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May 22, 2017
4 Min Read
InformationWeek readers spend lots of effort and resources on DevOps, for good reasons. In an increasingly digital world, you must be able to quickly and efficiently write quality code and get it into production.
But code-in-production only helps if it genuinely delivers something of appreciable value to your customers. And to deliver genuine value, you need an idea pipeline that’s at least as awesome as your digital pipeline.
Otherwise, DevOps is just a bullet train with no passengers.
Leading an idea-driven organization
While the importance of ideas may seem obvious, it’s nonetheless worthwhile to consider whether your leadership strategy really emphasizes ideas, or whether you’ve succumbed to the creeping “technology first” mindset.
After all, there is plenty of narrative around how industry leaders like Facebook and Amazon leverage continuous delivery and advanced analytics to keep customers engaged and competitors fighting for their survival.
That narrative, however, often neglects to highlight the commitment those companies have made to ideas. Execution on ideas is obviously essential, too. But digital success -- whether you’re Compuware or Google -- is always, always about ideational success first.
Here, then, are three leadership principles to consider in your efforts to increase your organization’s output of good ideas:
Hire and empower product managers. Many businesses depend on an odd combination of marketers, salespeople and IT managers to develop new ideas for digital customer engagement. This is unwise. These stakeholders should certainly be involved in your idea pipeline. But they have other jobs to do. They also have decidedly different -- and often deeply conflicting -- perspectives. As a result, your development teams will be left with a set of half-baked ideas that they aren’t necessarily equipped to flesh out or prioritize based on value to customers. Or, your process can get bogged down, and you’ll be susceptible to scope creep as you try to satisfy too many internal voices.
The better approach is to empower true digital product managers who can shepherd your idea-to-delivery process from start to finish. Without awesome “idea managers,” you can’t deliver worthy innovation. You need people with the right skills, the right temperament, and the necessary decision-making authority.
Promote, recognize, and reward. Many leaders talk about innovation, but don’t do anything concrete to foster it, and instead subscribe to the myth that innovation is the result of individual inspiration and initiative.
Maybe sometimes it is. But ideas more often arise when people observe a seemingly small problem that customers encounter repeatedly, and then gnaw on the problem and brainstorm ideas with their colleagues.
That’s why you need mechanisms that promote collaborative ideation. It could be a weekly meeting. It could be a gamified idea board where peers rank each other’s ideas. But it must be something. Otherwise, it’s nothing.
It’s also important to reward success. Public praise and cash are useful, but by themselves are insufficient for creating a culture that values ideas.
Christopher O'Malley, CEO, Compuware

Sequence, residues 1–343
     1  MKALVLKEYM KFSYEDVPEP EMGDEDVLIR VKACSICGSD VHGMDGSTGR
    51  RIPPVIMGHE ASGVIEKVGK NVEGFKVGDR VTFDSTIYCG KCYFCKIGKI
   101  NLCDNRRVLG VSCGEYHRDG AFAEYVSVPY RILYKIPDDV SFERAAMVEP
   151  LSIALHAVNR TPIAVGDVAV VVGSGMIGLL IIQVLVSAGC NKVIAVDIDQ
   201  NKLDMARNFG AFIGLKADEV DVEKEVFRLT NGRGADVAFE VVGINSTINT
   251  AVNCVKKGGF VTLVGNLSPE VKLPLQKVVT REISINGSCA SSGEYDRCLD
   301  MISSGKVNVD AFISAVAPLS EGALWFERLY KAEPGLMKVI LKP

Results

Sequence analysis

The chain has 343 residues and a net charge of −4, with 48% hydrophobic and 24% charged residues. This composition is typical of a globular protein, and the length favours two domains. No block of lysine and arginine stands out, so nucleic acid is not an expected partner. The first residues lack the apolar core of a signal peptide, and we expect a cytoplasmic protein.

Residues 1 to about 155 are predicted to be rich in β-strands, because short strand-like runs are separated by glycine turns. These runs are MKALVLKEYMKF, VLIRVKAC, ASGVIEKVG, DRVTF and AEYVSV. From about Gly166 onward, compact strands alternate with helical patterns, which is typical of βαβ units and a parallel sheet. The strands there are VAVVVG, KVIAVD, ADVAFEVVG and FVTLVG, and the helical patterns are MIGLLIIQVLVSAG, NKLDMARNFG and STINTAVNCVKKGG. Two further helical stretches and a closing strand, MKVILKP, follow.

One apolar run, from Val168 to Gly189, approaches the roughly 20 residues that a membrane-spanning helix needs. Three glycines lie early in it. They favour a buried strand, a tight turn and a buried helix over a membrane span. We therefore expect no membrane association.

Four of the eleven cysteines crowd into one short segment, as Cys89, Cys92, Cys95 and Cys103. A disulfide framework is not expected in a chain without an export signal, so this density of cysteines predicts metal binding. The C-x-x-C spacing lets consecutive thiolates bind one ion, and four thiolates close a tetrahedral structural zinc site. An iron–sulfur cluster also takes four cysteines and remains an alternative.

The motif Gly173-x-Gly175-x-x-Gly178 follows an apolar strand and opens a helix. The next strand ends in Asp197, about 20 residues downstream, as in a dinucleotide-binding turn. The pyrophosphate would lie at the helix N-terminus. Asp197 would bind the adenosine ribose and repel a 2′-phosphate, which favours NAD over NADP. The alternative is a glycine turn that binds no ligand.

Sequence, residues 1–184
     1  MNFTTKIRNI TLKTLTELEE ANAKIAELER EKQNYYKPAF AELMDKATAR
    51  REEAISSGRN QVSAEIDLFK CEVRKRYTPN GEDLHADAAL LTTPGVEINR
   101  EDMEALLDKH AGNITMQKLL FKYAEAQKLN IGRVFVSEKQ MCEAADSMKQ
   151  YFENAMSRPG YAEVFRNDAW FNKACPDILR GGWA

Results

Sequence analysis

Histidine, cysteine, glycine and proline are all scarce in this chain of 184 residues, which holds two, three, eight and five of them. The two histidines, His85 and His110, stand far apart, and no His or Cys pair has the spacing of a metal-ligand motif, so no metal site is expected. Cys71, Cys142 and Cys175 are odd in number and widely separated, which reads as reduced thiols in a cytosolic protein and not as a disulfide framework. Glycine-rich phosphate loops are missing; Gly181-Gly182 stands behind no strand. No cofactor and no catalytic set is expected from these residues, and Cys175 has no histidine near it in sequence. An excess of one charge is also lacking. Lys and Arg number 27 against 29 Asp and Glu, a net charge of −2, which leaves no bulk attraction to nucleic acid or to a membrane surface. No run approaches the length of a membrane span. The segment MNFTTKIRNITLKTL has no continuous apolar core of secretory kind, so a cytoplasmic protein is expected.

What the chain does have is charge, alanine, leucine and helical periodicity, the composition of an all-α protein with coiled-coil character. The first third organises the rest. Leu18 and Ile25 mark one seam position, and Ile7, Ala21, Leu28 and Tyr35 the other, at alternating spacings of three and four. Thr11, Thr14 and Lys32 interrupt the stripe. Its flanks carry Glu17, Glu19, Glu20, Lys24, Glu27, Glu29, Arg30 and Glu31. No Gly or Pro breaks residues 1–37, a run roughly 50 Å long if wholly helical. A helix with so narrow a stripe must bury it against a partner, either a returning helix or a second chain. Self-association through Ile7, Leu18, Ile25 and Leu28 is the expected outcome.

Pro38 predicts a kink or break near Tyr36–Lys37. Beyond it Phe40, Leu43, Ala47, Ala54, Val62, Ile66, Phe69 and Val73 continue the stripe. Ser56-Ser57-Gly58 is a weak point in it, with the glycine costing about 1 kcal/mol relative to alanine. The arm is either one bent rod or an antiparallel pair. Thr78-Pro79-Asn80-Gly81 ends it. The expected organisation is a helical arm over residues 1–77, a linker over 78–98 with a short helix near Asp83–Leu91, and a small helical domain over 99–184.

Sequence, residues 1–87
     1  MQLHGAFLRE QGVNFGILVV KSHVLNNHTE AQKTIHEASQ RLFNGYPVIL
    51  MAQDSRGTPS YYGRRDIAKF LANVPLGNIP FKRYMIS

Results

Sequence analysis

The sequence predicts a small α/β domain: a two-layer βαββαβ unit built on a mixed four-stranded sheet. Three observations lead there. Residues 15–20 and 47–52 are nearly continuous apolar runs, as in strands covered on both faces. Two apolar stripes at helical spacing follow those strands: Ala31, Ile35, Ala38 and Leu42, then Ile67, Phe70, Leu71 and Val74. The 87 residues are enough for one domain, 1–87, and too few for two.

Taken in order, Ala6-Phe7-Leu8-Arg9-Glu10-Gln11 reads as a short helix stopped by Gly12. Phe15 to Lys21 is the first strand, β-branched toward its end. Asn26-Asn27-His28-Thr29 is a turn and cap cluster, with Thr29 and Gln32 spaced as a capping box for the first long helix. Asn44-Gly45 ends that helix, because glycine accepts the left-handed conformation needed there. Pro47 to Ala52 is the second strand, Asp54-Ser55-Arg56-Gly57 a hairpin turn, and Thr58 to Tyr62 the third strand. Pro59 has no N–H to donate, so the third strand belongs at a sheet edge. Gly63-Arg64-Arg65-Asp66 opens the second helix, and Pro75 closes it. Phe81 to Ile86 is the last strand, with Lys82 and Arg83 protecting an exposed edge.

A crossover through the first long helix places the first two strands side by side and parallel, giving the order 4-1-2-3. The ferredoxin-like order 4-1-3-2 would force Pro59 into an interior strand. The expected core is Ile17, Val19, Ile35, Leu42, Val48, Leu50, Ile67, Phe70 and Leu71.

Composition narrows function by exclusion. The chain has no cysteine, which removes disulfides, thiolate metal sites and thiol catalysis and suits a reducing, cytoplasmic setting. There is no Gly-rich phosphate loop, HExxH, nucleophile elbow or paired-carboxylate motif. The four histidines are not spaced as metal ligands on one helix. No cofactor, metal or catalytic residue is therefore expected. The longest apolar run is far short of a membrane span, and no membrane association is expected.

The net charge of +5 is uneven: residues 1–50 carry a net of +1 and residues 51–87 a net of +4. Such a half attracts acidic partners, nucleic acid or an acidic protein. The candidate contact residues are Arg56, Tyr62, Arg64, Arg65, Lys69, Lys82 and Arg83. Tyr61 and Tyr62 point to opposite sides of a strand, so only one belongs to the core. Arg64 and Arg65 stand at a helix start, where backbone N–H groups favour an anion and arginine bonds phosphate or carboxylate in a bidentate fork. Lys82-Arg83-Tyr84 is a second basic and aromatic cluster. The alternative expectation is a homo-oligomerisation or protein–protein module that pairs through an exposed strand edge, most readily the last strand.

At Compuware, we recognize great ideas that come to fruition with company-wide celebrations. These celebrations tell everyone -- from finance to sales, engineering to support, and even to customers to partners -- that they’ve helped bring a great idea to market. It’s also a tangible acknowledgement that innovation is a team sport.
Don’t fear failure. Many ideas simply don’t pan out. But to be overly dismissive of untenable ideas is to be dismissive of ideation itself. Plus, many great ideas start as not-very-good ideas -- and then morph into something better as they are exposed to failure. Many managers understand this intellectually, but don’t translate that understanding into behavior. So think about how you react when someone has an idea about which you’re skeptical, or when you invest in an idea without an apparent result. Maybe what you’ve really invested in is your innovation process as a whole, rather than the specific idea itself.
None of this is to suggest that you abandon aggressive evolution of your DevOps pipeline. On the contrary, the speed and efficacy of that pipeline is strategically important to your business.
But being smart about what ideas you put into your code is as critical as how you code it. So keep your eye on the idea ball. Make sure DevOps deliverables serve your customers—and not merely your IT performance metrics.
Christopher O’Malley is CEO of Compuware. He has nearly 30 years of IT experience, with past positions including CEO of VelociData, CEO of Nimsoft, EVP of CA’s Cloud Products & Solutions and EVP/GM of CA’s Mainframe business unit, where he led the successful transformation of that division.
About the Author(s)
The InformationWeek community brings together IT practitioners and industry experts with IT advice, education, and opinions. We strive to highlight technology executives and subject matter experts and use their knowledge and experiences to help our audience of IT professionals in a meaningful way. We publish Guest Commentaries from IT practitioners, industry analysts, technology evangelists, and researchers in the field. We are focusing on four main topics: cloud computing; DevOps; data and analytics; and IT leadership and career development. We aim to offer objective, practical advice to our audience on those topics from people who have deep experience in these topics and know the ropes. Guest Commentaries must be vendor neutral. We don't publish articles that promote the writer's company or product.
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